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### #ActualHodgman

Posted 31 August 2012 - 12:29 AM

Our problem is we have no way of reversing that logarithmic depth at this point..

You probably should have named your thread "reconstructing position from logarithmic depth" then

WolframAlpha can be useful for tasks like this.
e.g. assuming you're using the formula: depth = log(c*originalZ + 1) / log(c*far + 1)
You can copy that into wolfram, and ask it to solve for z: http://www.wolframal...) ; solve for z
And it spits out originalZ = (pow(c*far+1,depth)-1)/c

I make no guarantees about the validity of this formula -- just giving you another tool to try ;)

### #2Hodgman

Posted 31 August 2012 - 12:29 AM

Our problem is we have no way of reversing that logarithmic depth at this point..

You probably should have named your thread "reconstructing position from logarithmic depth" then

WolframAlpha can be useful for tasks like this.
e.g. assuming you're using the formula: depth = log(c*originalZ + 1) / log(c*far + 1)
You can copy that into wolfram, and ask it to solve for z: http://www.wolframal...) ; solve for z
And it spits out originalZ = (pow(c*far+1,depth)-1)/c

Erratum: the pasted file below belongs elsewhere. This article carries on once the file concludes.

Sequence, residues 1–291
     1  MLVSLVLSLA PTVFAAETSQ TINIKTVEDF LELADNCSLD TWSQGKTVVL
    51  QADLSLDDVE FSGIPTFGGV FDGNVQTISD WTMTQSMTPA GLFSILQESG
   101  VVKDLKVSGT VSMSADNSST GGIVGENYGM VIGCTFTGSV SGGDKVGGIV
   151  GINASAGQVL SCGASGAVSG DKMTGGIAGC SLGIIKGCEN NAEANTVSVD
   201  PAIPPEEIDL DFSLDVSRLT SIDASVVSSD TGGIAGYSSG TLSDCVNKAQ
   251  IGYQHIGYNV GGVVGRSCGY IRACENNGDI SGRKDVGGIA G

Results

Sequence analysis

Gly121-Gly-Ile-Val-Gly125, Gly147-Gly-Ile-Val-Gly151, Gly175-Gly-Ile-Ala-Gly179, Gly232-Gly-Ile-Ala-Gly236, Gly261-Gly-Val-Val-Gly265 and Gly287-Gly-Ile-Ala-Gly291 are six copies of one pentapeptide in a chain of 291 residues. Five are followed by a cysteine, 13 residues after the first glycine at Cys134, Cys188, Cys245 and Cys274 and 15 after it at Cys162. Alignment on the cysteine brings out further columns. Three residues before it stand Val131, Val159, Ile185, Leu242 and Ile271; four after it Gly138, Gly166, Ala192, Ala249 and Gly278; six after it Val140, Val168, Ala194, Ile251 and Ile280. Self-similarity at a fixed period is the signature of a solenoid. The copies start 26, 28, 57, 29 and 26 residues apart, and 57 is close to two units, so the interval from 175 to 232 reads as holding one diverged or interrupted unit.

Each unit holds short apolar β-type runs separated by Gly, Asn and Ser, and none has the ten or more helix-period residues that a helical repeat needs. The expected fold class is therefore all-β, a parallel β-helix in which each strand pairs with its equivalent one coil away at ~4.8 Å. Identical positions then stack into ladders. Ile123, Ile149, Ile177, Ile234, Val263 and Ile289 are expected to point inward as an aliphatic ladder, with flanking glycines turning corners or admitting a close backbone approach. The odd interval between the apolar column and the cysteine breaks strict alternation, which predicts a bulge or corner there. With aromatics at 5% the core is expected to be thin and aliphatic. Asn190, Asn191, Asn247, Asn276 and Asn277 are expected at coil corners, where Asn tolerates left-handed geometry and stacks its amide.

I make no guarantees about the validity of this formula -- just giving you another tool to try ;)

### #1Hodgman

Posted 31 August 2012 - 12:28 AM

Our problem is we have no way of reversing that logarithmic depth at this point..

You probably should have named your thread "reconstructing position from logarithmic depth" then

WolframAlpha can be useful for tasks like this.
e.g. assuming you're using the formula: depth = log(c*originalZ + 1) / log(c*far + 1)
You can copy that into wolfram, and ask it to solve for z: http://www.wolframalpha.com/input/?i=d+%3D+log2%28c*z+%2B+1%29+%2F+log2%28c*f+%2B+1%29+%3B+solve+for+z
And it spits out originalZ = (pow(c*far+1,depth)-1)/c

I make no guarantees about the validity of this formula -- just giving you another tool to try ;)

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